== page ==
Saturday, December 7, 2013
The Associated Press
(Continued from page 1)
But the bar owners said the stairs were off-limits to customers. They also said Freeman's heavy alcohol consumption that night contributed to his fall.
Freeman drank at a party and another bar before arriving at Our House East. He had a blood-alcohol level of 0.208, more than twice the legal limit for drivers in Massachusetts.
The judge found that while Freeman was under the influence of alcohol at the time of his fall, he was an experienced drinker who had built up a "serious tolerance" to alcohol and did not exhibit the usual deficiencies caused by drinking, including impaired walking.
"I accept that, until he began to fall, he had no knowledge of the presence of the staircase directly behind the vinyl strips," Fahey wrote.
Aylward said the judge should not have awarded damages under the consumer protection law because Freeman's death occurred in a private part of the business.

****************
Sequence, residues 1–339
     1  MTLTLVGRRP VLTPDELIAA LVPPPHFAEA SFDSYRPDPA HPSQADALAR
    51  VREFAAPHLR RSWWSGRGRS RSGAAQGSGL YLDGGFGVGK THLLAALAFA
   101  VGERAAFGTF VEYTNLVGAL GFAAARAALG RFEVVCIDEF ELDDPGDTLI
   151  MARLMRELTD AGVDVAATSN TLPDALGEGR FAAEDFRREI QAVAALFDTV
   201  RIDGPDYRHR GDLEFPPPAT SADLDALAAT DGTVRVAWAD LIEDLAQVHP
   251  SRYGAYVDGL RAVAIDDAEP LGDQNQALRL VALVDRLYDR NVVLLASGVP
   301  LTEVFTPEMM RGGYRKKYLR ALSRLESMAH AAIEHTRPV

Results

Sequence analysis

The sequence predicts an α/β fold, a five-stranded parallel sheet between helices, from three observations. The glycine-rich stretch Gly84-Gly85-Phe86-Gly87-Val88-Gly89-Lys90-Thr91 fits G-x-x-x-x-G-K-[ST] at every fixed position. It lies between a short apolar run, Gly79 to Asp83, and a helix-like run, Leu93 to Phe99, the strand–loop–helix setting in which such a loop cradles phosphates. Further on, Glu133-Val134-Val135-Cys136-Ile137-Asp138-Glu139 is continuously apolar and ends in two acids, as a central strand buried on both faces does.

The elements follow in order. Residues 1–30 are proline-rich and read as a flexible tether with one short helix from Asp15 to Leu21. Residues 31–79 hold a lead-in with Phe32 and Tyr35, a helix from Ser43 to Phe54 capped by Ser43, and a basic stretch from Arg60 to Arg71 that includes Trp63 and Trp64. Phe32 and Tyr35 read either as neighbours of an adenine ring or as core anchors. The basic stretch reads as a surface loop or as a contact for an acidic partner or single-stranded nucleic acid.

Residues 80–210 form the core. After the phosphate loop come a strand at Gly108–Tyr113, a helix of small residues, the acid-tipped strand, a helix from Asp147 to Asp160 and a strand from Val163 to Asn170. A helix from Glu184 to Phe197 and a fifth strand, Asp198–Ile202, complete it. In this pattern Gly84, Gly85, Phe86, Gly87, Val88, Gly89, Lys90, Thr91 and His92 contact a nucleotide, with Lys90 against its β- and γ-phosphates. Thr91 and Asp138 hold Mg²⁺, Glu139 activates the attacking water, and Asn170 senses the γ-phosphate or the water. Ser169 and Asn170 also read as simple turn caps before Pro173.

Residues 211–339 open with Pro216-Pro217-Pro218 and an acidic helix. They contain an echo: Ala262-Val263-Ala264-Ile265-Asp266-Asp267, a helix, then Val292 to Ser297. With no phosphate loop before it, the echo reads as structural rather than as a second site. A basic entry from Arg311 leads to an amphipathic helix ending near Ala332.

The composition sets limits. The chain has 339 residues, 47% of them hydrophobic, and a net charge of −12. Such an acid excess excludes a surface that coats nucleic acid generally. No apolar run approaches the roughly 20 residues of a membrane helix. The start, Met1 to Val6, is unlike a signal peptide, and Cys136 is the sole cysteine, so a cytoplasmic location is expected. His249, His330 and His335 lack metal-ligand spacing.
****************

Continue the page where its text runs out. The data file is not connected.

"The stairway was in a private part of the restaurant. It's in the very back of the kitchen. It's not meant for customers to use," Aylward said. "He wasn't there to use the stairs. He was there to stand at the bar and visit friends. The condition of the stairs had nothing to do with the consumer relationship between Mr. Freeman and Our House East restaurant."
During the trial, the bar owners presented evidence that the stairs had never been cited by any building inspector as a code violation, despite having been built more than two decades before Freeman's fall.
"My clients had no reason to believe that they had done anything wrong," Aylward said.